UK given carbon emissions warning
- 26 June 2013
- From the section Science & Environment
The UK is not on track to hit its climate change targets through the 2020s, government advisers have warned.
The Committee on Climate Change said carbon emissions rose in 2012 by 3.5%.
After the figures were adjusted for the cold weather and a greater use of coal to make electricity, emissions fell - but by 1% compared with the 3% target.
The report also warned the Green Deal scheme, designed to incentivise people to insulate their homes, appeared to have had the opposite effect.
There has been a huge drop in people installing roof and cavity wall insulation since the previous insulation scheme was replaced by the Green Deal last year, it said.
"We haven't got the full figures yet for uptake of the Green Deal, but this does potentially look very worrying" said the committee's chief executive David Kennedy.
"We advise the government to put in very firm incentives for people to insulate their homes through, for instance, stamp duty or council tax", he said.
The statistics on Green Deal uptake are due to be released on Thursday.
Under the scheme, people can install new green technology into a property with no up-front costs and pay back the costs through their energy bill over time.
A survey for the government on Tuesday suggested that 48% of people having their homes surveyed for the scheme said they would get energy saving measures installed.
But the overall numbers of applicants is thought to be low, and critics say if under half of people surveyed are going ahead with the full scheme, something is badly wrong.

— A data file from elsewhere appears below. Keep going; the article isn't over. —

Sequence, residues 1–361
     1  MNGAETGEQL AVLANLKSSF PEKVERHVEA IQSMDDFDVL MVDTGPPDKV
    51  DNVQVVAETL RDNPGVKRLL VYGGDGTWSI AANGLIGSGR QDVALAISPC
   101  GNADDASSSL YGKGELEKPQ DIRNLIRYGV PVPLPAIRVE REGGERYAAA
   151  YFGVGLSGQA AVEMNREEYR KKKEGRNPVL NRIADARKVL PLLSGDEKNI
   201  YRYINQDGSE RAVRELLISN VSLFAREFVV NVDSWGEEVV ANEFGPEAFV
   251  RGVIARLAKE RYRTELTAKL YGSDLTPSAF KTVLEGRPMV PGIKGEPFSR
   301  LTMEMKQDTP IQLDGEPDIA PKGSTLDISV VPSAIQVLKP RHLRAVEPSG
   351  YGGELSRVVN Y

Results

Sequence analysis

Mr Kennedy told BBC News that the focus of the Green Deal appeared to have switched from insulating homes to buying new boilers.
"We don't need a scheme to persuade people to buy new boilers - they do that anyway" , he said.
The committee noted that 2012 had been a record year for adding wind power to the grid.
But it warned that uncertainty over the government's energy plans and anti-wind power rhetoric from ministers had recently deterred investors in clean energy.
Without further effort, it said, the government would fail to meet the targets in its carbon budgets after 2017, laid down to hold the UK to its legally binding 2050 target to reduce emissions by 80%.
It said progress had been especially slow in implementing (expensive) solid wall insulation and low-carbon heat pumps.
Firms have also been reluctant to invest in improving energy efficiency.
"The situation won't improve unless firms and individuals can see a clear direction, beyond 2020, towards de-carbonizing the economy", Mr Kennedy said.
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